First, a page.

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How to Buy Foreclosure Homes in Florida

couple holding sold sign

With Florida real estate prices being higher than ever, foreclosed properties can make for some fantastic deals.

If you’re not already familiar, when a home is financed by a lending institution and the property owner can no longer make payments, it will go through a foreclosure process [1].

Once the foreclosure process is complete, the bank will generally sell the home at a price lower than market value.

Before we can buy a foreclosed property, it is important to understand the process.

The Florida Foreclosure Process

In the state of Florida, the pre-foreclosure process typically takes 6-7 months [2]. During this time, before the judge makes their final ruling, the homeowner can typically make payments current and stop the foreclosure process entirely.

If the pre-foreclosure process goes uncontested by the homeowner, a Summary Judgement is filed by the bank, at which time the judge formally allows the bank to regain control of the foreclosed property and a foreclosure sale date is scheduled.

Why Are Florida Foreclosed Homes Sold Cheaper?

You might be wondering why a bank or lending institution would sell a home for cheaper than it’s worth.

Generally, the bank is looking to recoup its investment as quickly as possible. Unless the home was purchased during a bubble, there is often positive equity within the home.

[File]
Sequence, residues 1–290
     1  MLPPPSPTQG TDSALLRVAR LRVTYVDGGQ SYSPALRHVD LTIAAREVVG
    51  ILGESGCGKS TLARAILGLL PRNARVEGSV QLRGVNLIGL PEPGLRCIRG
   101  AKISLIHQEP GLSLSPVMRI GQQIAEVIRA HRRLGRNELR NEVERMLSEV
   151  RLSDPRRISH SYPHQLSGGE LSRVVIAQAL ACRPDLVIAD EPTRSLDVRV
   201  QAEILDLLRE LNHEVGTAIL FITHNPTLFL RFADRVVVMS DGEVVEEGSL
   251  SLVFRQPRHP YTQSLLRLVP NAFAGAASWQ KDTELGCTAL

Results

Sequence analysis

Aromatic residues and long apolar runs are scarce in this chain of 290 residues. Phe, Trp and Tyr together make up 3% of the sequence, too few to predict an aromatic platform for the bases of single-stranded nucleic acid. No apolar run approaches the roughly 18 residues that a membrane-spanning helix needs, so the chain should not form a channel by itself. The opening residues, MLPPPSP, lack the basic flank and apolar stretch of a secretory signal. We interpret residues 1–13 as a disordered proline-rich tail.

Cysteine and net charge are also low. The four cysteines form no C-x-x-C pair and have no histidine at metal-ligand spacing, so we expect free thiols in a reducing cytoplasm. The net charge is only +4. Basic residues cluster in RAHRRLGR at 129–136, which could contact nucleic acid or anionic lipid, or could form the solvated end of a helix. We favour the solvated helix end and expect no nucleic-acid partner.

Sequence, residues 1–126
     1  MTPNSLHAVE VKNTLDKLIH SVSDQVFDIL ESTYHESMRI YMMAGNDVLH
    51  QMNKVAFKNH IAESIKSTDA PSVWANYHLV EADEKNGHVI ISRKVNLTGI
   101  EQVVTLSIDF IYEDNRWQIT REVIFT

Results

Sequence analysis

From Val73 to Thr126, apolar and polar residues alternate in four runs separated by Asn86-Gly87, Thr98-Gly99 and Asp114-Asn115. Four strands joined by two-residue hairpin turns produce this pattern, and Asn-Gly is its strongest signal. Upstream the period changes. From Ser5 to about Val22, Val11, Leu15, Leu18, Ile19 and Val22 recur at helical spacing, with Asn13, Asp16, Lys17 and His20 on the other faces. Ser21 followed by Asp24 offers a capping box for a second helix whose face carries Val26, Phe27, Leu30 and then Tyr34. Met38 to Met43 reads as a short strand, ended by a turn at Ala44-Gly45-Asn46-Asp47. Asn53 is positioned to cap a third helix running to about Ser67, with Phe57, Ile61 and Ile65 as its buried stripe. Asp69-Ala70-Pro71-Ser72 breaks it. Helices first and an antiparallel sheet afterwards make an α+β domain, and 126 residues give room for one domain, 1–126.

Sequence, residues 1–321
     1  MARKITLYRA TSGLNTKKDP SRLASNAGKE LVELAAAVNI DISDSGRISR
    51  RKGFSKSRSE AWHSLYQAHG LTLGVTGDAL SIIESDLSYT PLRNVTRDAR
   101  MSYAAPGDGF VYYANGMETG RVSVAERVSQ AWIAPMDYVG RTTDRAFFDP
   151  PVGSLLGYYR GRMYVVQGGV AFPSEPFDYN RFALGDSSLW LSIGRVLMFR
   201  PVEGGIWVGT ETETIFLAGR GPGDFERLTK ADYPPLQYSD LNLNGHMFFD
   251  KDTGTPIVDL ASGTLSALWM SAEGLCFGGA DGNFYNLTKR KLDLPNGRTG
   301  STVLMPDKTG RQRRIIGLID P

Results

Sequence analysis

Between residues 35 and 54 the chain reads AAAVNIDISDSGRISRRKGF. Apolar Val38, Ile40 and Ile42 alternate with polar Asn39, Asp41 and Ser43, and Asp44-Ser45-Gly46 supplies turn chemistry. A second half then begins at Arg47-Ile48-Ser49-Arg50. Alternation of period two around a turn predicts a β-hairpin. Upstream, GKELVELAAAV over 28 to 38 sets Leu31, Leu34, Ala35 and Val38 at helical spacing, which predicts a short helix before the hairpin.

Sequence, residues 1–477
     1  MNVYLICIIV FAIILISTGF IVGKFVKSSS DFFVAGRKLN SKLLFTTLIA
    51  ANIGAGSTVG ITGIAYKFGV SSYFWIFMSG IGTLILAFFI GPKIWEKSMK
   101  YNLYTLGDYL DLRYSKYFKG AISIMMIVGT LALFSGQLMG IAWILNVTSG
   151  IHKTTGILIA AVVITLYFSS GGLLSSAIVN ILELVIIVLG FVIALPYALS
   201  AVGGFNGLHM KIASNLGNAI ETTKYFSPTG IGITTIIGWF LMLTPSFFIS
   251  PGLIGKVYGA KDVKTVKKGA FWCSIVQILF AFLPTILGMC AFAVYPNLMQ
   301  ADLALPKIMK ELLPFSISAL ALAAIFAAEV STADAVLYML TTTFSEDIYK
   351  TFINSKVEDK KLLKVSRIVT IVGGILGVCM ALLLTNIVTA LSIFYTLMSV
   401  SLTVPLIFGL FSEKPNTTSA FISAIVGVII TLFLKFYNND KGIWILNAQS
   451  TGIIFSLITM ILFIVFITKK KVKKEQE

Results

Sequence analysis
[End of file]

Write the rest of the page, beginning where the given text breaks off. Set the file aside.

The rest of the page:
So more often than not, a bank will put a foreclosed property up for sale slightly under market value to recoup the amount owed on the loan (or more), as quickly as possible.

Selling Methods of Foreclosed Properties in Florida

home contract

There are a few different methods by which a bank will attempt to sell a foreclosed home.

  1. Pre-foreclosure or Short Sale
  2. Foreclosure Auction
  3. Foreclosure Sale

1. Pre-foreclosures generally occur when the mortgage lender and property owner are in agreement that the mortgage payments can simply not be afforded to be made anymore. Rather than the bank losing more time and more missed payments, they may work out an arrangement with the property owner to sell the home before the foreclosure process has been completed. This is known as a short sale.

2. Foreclosure auctions are generally reserved for bank-owned properties, that are sold as-is. They could have extensive damage inside and it may be deemed not worth it to let it sit on the market for a long period of time, to get near market value. A foreclosure auction is a quick way for the bank to recoup their money, for less than perfect homes.

3. Foreclosure sales consisted of foreclosed properties that have gone through the entire legal process, where the bank is trying to sell it near market pricing. Sometimes with these types of foreclosed homes in Florida, you can find fresh flooring and painted walls. If the bank deems it can get more for the home by investing a bit into it before the sale, it often will.

Real Estate Investors

Foreclosed homes in Florida are very attractive to real estate investors. Real estate is already a great investment for a variety of reasons including general appreciation, depreciation tax write-offs, monthly cash flow, etc [3].

So a foreclosed home discounted below market value just sweetens the pot even more.

Why Foreclosure Auctions Are Appealing

affordable homes

Companies that seek out real estate investment opportunities, generally try to purchase a foreclosed home through an auction. It is where property investors are most likely to find the best deal.